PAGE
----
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Gender Differences in Frontal Activation While Perceiving Pathologically Thin Female Body Forms

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DOI: 10.4236/jbbs.2011.13014    5,110 Downloads   10,638 Views   Citations

ABSTRACT

Brain mechanisms underlying body image disturbances are a focus of research in the realm of eating disorders, and functional imaging studies have revealed gender differences in the processing of body shape. In this study, using 16-channel near infrared spectroscopy, we investigated frontal lobe activation in 46 healthy university students during viewing of photographs of pathologically thin female forms, and compared gender differences in activation, and examined the correlations between the relative changes in cerebral blood volume, eating attitudes, and perceived feelings. Participants completed the Eating Attitudes Test (EAT26) and rated a visual analogue scale for anxiety/disgust. Significant gender differences in the pattern of activation were noted in the prefrontal region (predominantly right side, dorsolateral to ventral), with male participants showing greater and more widespread frontal activation. The total and subscale scores on EAT26 were significantly correlated with the frontal activation, and perceived feelings were significantly associated with increased prefrontal activation on the left side. Gender differences in frontal activation suggest differential expectations between men and women of pathologically thin female body forms. The study results suggest that anorexic psychopathology may be associated with abnormal right frontal activation while viewing thin bodies of others.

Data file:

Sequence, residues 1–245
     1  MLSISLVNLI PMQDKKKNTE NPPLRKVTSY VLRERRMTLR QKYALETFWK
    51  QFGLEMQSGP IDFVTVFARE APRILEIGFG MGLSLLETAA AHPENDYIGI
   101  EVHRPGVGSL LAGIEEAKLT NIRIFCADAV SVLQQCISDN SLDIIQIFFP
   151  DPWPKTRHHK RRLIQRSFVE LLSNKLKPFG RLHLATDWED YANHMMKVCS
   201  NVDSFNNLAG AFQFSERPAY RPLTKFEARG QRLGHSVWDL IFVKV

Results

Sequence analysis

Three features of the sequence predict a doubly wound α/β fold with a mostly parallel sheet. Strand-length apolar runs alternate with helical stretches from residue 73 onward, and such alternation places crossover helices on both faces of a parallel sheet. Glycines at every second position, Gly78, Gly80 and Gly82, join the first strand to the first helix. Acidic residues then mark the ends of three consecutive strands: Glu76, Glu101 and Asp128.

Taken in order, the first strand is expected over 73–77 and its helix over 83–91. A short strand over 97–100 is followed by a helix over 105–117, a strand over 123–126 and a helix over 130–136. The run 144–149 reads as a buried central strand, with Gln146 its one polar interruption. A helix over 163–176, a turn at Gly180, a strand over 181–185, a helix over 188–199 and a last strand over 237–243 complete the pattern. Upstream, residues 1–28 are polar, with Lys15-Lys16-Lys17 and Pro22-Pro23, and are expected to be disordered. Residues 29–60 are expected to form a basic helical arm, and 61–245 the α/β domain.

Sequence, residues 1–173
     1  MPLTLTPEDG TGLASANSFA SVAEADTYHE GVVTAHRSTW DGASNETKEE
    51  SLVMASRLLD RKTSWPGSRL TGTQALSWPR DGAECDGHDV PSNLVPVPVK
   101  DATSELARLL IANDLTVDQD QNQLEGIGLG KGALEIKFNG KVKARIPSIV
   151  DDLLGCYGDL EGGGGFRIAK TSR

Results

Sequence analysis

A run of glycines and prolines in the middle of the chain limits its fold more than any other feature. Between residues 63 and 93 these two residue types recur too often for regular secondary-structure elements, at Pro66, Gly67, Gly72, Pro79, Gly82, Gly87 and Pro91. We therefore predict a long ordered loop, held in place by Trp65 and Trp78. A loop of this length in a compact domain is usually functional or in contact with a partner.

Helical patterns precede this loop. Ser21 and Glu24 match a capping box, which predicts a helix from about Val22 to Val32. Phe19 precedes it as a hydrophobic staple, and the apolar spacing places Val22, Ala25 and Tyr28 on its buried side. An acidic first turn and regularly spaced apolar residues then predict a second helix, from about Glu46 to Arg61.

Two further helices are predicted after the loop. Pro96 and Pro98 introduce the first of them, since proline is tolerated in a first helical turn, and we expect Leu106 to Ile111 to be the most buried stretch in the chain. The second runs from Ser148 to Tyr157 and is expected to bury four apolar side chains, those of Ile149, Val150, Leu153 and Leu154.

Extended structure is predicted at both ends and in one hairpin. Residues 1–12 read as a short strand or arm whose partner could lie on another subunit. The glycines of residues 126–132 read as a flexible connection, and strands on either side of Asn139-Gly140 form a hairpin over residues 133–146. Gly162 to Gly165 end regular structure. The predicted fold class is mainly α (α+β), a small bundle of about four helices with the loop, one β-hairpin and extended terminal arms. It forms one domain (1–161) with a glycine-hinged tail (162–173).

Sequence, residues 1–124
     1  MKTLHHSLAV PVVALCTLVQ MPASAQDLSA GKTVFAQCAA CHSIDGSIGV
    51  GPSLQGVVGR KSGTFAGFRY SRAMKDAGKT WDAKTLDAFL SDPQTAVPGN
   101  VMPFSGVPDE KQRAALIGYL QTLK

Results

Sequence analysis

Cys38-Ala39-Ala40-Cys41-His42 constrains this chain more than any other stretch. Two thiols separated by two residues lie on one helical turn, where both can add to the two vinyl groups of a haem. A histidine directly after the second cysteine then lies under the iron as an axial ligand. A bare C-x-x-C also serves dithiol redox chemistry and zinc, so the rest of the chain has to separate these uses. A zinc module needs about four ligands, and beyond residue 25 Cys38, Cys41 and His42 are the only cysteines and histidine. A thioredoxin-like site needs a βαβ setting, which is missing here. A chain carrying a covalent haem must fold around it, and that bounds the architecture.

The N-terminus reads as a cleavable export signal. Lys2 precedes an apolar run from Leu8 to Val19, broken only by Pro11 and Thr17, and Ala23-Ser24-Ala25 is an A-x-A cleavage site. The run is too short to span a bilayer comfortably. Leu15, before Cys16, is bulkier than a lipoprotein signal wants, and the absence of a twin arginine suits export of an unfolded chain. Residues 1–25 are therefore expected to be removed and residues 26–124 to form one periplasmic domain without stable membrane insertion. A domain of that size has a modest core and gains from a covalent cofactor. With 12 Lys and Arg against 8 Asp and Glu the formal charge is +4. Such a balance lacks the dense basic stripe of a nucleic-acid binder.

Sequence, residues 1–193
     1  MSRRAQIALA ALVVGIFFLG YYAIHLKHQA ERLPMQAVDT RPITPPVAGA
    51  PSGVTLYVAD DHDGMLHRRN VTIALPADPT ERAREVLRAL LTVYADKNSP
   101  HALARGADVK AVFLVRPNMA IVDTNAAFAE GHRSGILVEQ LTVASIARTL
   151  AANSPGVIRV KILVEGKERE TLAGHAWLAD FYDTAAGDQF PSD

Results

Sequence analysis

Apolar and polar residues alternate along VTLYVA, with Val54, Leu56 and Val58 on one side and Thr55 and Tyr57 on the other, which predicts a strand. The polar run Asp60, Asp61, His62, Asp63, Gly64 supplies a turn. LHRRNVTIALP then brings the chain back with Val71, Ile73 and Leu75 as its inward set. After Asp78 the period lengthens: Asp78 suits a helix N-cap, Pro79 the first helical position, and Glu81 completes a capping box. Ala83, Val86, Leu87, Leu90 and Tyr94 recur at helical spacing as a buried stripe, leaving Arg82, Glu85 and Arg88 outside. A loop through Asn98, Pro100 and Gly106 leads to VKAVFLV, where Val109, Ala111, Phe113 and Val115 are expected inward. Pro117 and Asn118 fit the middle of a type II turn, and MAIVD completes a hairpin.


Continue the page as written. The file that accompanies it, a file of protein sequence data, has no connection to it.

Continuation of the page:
Conflicts of Interest

The authors declare no conflicts of interest.

Cite this paper

T. Uehara, Y. Ishige, M. Suda and P. Sachdev, "Gender Differences in Frontal Activation While Perceiving Pathologically Thin Female Body Forms," Journal of Behavioral and Brain Science, Vol. 1 No. 3, 2011, pp. 102-110. doi: 10.4236/jbbs.2011.13014.

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